Lobbying for Literacy

State Advocacy 2013The National Council of State Directors of Adult Education recently released the results of a survey on the use of paid lobbyists for adult education  at the state level.

Eight states reported using paid lobbyists. In all of those states, lobbyists are funded by the state adult education professional association. In six of those states, they work for those associations directly. In the other two states, the associations pay for lobbying services by contributing to coalitions that were organized to advocate for a broader range of education and human service programs.

I suspect the actual number of broad-based coalitions that at least do some advocacy that’s at least relevant to adult education funding or policy is actually a bit larger—even if they don’t do it directly. This survey was apparently focused on direct lobbying for adult education. But most statewide coalitions that advocate for funding for human services or education probably at least nominally include adult education as one of those services. It may be that those coalitions are not actively engaging policymakers on the issue of adult education, and/or may not really be working with adult education advocates in the state to integrate the need for adult education into their talking points. Raising the profile of adult education within these kinds of broad advocacy coalitions is a subject worthy of further discussion, I think.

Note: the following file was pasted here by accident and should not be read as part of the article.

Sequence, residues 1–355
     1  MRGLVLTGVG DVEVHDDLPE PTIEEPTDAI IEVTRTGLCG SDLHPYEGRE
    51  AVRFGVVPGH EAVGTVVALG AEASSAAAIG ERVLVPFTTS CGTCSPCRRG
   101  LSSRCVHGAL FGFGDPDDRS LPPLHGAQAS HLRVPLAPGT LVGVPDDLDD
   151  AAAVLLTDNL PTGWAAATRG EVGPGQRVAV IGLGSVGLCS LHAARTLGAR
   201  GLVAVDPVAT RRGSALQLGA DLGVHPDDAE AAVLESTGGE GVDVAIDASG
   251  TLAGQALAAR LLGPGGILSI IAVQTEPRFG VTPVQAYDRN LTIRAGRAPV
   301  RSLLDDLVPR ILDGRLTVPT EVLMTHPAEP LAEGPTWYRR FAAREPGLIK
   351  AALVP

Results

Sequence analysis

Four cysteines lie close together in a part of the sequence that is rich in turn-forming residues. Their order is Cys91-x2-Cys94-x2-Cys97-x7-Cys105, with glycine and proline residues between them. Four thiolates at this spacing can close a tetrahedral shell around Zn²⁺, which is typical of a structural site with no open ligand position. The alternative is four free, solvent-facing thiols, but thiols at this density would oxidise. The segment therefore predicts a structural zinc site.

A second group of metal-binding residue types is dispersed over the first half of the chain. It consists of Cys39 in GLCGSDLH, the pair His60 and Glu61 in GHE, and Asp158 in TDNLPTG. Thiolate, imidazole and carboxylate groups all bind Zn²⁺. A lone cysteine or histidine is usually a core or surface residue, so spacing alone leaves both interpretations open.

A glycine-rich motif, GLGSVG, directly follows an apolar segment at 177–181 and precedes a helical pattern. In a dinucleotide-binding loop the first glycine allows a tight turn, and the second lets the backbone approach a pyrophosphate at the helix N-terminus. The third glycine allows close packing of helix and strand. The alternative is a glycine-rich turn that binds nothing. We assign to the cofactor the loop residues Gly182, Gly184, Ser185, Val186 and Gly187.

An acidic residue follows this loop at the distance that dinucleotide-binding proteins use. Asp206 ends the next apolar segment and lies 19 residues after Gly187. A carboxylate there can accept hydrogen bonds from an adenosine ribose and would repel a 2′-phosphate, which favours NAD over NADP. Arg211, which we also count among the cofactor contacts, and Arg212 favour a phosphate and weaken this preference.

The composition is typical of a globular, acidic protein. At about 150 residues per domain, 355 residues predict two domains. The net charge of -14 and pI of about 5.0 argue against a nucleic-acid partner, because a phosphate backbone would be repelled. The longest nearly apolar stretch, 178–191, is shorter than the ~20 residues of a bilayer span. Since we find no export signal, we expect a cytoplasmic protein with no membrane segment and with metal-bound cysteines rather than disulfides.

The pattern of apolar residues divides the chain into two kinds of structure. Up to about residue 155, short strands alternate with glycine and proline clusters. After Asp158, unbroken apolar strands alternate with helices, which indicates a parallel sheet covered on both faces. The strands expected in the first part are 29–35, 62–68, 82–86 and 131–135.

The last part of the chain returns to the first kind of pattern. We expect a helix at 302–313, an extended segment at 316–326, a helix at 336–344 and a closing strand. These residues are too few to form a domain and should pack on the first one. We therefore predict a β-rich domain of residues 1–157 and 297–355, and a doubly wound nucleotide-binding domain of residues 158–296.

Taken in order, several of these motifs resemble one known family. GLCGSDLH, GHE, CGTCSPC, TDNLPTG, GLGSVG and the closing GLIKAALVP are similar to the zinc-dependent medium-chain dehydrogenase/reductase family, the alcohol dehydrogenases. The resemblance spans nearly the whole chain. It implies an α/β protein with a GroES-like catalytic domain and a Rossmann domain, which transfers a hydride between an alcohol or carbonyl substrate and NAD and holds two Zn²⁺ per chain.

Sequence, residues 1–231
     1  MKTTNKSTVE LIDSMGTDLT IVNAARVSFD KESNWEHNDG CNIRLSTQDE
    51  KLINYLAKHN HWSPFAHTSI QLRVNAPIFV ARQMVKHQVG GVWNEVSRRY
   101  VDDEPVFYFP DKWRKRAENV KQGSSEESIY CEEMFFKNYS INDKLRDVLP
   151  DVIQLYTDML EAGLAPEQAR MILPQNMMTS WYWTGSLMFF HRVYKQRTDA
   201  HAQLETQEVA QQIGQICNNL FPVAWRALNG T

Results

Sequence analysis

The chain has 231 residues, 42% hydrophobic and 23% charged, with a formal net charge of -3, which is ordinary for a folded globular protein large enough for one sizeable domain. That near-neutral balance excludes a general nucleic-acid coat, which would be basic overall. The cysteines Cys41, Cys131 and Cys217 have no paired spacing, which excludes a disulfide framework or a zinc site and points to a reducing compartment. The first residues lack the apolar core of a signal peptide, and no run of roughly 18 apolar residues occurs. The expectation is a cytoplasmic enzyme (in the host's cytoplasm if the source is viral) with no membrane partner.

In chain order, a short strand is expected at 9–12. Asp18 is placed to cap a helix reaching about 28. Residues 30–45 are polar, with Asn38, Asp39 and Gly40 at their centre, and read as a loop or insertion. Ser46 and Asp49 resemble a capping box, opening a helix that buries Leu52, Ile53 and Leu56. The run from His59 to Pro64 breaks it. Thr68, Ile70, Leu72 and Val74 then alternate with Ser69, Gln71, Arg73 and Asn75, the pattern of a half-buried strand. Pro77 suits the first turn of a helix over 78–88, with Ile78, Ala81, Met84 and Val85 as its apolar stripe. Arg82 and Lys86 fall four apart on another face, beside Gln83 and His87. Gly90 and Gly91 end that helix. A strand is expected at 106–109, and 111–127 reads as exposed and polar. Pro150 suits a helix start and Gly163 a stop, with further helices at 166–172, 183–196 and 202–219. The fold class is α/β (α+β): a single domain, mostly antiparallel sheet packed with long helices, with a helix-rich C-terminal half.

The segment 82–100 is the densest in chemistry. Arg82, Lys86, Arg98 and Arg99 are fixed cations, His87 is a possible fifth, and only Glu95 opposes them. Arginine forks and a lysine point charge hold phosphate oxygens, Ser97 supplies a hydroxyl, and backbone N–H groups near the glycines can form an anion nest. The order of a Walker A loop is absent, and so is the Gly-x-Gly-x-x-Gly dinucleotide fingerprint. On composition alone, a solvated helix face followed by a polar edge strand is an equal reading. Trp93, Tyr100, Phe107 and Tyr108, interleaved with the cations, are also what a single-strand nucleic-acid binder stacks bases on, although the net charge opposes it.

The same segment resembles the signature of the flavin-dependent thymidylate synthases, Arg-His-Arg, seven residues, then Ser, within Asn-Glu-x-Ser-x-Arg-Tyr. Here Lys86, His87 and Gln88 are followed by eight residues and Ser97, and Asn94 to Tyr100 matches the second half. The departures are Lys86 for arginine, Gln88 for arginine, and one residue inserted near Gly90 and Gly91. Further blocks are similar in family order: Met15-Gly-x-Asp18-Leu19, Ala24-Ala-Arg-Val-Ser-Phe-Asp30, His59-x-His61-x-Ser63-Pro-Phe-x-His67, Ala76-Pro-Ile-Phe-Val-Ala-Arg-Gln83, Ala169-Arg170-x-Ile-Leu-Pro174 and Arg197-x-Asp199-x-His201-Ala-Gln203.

Remember: Senate Immigration Bill Already Requires Undocumented Immigrants to Learn English—Here’s How It Works

It appears that Senator Marco Rubio’s (R-FL) amendment to the Senate’s immigration reform bill, which would change the way the English proficiency requirement would for undocumented immigrants choosing to become legal residents, may be voted on today.

I just want to review again the way the current bill works, and explain why the Rubio amendment doesn’t really make any sense.

Under the Senate bill, currently undocumented immigrants in the U.S. would be eligible to apply for “Registered Provisional Immigrant” (RPI) status if they meet certain criteria (e.g. have never been convicted of a felony, entered the U.S. before 2012 and have not left the country since then, etc.) and pay a $500 fee.